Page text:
Music Loves a Screen
Music and film, a most unrivaled pair, you must admit. She is not complete without his voice, the love songs he sings. He is the melody that accompanies her, giving life to a scene. They, essentially, are the perfect couple.
We’ve met them here once before (of course), not too long ago, jotting down the names of a few tracks on our list of favorites. Part One saw elaborate elephant love melodies and had us falling slowly, only a brief glimpse into this mellifluous world of movie-music. Today we delve even deeper, belting out Pop tunes and gloomy ballads, dancing on tabletops and strumming our guitars.
It’s an endless adventure and we’ve only just begun.
There was a time when we couldn’t stop singing this anthem. It was in our heads night and day. There was no escaping it. The group might have broken up, but that doesn’t mean we’ve forgotten them. They’re one of the best fictional bands of all-time, doing That Thing You Do! Jimmy. Shades. The Bass Player. Lenny. Who would have thought we’d come to love this film so much? No point in denying it. You love it. I love it. I want to go watch it again right now!
“Here they are, playing that thing that’s been racing up the charts . . . The Wonders!”
For this next one, you might want to get comfy and pour yourself a glass of wine. Maybe bring out the tissues while you’re at it. The Man That Got Away. It will undoubtedly go down in the books as one of best songs of all-time, let alone in all of movie-music history. From A Star is Born (1954), Judy Garland sings this famed tune with a depth of emotion that is hard to come by nowadays. With each crescendo of her fervent voice, Garland reaches into our hearts and makes us believe – with every ounce of what we are – her melancholy story, that it’s actually happening to us. There is nothing more heartbreaking, or musically satisfying, than hearing the horns blast and piano shift as Garland declares each genuine, beautiful lyric.
“A one man woman, looking for the man that got away.”
You all know I have a rather potent obsession with classic movie musicals, so it shouldn’t be a surprise to know Singing In the Rain is listed amongst my many favorites. Moses Supposes has always captured my heart, not only because it’s a hilarious, melodic earworm, but it also has one of the most memorable dance routines in all of film. Gene Kelly and Donald O’Connor tap their toes, defying all which we thought possible. The comedic tune is only overthrown slightly by its astonishing dance partner, but fused together brilliantly to generate a scene you will always remember.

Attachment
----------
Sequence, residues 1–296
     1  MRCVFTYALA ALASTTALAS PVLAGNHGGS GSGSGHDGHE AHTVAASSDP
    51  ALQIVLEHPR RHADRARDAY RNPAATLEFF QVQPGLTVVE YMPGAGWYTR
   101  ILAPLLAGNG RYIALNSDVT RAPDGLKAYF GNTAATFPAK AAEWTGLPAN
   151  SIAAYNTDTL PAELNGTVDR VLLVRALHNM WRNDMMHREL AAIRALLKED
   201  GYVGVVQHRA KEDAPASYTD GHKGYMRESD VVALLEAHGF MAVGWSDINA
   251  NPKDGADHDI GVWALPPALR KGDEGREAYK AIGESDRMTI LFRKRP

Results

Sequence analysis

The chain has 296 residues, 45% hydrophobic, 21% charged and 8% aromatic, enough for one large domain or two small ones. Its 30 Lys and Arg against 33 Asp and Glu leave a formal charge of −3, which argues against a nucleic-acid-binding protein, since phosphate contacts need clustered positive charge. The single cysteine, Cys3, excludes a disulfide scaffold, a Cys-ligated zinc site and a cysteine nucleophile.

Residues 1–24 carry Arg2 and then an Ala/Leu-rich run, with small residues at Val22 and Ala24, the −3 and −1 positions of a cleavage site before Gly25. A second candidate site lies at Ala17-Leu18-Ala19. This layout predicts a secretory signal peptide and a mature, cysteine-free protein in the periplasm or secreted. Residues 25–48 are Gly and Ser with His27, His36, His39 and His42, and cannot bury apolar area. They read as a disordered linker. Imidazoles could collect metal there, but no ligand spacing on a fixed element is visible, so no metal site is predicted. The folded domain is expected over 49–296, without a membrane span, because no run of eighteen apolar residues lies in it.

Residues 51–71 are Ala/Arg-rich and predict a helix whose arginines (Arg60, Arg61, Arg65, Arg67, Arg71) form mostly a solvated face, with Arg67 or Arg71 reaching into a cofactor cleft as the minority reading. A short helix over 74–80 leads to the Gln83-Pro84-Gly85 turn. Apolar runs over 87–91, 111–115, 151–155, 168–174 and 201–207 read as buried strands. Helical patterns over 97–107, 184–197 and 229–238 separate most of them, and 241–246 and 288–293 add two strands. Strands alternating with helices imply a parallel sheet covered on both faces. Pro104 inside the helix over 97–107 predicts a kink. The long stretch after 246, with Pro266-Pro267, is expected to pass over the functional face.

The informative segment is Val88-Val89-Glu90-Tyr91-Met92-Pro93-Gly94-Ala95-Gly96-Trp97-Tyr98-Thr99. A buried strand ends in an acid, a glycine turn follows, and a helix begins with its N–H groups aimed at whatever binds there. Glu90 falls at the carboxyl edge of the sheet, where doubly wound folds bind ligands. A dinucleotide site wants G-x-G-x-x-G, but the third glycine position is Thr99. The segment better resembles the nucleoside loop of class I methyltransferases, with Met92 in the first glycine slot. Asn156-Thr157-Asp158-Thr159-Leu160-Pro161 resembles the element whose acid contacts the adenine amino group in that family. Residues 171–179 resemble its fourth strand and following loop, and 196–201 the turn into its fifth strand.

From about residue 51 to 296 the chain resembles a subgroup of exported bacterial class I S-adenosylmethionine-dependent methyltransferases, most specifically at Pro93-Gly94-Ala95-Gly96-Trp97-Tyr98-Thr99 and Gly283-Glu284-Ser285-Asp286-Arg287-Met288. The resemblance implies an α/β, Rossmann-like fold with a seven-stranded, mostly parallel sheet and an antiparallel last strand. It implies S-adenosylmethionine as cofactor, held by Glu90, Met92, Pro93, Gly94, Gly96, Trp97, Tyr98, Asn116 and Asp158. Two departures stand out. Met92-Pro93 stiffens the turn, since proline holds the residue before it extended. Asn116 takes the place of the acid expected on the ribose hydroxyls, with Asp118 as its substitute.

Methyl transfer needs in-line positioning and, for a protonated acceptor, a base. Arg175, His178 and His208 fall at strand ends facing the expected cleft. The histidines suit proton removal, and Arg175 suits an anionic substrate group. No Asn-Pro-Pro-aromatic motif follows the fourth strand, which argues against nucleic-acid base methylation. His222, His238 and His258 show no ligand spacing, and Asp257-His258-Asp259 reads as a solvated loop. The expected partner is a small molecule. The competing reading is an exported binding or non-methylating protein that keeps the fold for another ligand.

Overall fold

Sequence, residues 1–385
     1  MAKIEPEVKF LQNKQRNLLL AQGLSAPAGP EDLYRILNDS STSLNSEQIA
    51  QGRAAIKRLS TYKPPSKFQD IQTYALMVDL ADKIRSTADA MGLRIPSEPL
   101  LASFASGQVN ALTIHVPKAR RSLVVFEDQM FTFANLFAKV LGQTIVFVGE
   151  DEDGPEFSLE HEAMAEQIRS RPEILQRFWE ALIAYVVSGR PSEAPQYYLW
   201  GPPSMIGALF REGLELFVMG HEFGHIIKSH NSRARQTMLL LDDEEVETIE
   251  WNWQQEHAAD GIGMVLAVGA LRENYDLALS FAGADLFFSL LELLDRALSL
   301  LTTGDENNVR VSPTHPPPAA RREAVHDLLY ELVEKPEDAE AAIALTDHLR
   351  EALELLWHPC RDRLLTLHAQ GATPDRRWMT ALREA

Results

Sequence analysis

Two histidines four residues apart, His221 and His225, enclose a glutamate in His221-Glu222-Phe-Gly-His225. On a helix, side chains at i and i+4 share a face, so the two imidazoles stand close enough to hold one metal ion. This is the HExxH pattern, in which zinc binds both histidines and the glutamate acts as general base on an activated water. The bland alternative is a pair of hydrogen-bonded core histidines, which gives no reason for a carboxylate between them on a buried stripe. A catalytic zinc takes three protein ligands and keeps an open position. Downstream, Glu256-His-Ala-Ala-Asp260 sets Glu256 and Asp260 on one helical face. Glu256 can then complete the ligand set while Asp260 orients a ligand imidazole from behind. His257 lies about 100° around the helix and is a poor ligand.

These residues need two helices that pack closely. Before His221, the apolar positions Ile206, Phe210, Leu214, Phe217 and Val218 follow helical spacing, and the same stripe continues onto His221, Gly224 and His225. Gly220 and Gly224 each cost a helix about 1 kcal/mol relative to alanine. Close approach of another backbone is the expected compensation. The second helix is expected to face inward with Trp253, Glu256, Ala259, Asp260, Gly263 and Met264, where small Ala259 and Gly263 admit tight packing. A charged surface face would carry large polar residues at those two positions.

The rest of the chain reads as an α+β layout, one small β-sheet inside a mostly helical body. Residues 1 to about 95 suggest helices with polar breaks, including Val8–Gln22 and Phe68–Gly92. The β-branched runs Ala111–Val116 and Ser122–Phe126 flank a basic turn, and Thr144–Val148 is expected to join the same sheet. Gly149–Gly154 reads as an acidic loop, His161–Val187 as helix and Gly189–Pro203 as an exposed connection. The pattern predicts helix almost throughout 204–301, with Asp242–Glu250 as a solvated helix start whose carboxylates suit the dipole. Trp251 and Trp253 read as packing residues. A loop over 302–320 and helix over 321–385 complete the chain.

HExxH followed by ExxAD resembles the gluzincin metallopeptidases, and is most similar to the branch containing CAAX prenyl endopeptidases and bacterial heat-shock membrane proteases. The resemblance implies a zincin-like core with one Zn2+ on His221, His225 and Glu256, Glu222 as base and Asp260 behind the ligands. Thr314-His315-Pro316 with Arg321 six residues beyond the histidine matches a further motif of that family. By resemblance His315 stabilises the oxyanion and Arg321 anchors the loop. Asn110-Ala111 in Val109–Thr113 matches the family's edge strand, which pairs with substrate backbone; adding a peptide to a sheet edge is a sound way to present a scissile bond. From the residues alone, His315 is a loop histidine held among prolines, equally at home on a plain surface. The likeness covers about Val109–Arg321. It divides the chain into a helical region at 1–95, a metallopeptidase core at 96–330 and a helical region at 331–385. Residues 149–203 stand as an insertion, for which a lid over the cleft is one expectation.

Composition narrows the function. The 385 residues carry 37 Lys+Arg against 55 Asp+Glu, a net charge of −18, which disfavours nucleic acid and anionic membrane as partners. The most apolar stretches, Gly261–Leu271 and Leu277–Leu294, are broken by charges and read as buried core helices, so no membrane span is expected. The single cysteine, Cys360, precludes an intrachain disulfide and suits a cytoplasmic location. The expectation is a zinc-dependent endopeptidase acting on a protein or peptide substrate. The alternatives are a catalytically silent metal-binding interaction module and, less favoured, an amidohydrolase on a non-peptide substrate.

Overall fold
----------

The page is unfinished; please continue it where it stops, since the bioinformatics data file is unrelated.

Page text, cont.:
“Moses supposes his toeses are roses, but Moses supposes erroneously.”
Now, I’m going to tell you something that you might not understand, nor want to admit you’ve gone through yourself. I was in high school and had just seen that low-budget independent film, Pirates of the Caribbean (the first in the series). The moment that sweet smirk came onto the scene, I was done for. The rest, as they say, is history. It was then I began my Orlando Bloom phase. I know. Not what you were expecting, was it? Sorry. Anywho, that was the start of our four-year love-affair, and how I was introduced to Elizabethtown and the music of Ryan Adams (You can expect a Press Play soon. Just saying). English Girls Approximately is just one of several Ryan Adam favorites I have off the film’s soundtrack – which is a unique mix of well-known tracks, covers, and a slew of Indie-Rock artists. Adam’s honey-covered rasp and sorrowful lyrics combine in their usual manner, creating a strange blend of heartbreak and musical optimism.
“Said you didn’t love me, it was right on time. I was just about to tell you that it’ll be alright. Said you didn’t love me, didn’t mean a thing. English girls can be so mean.”
What did you think of the featured songs above? What is your favorite soundtrack? Your favorite musical? What is your favorite song from a film? Tell me in the comments!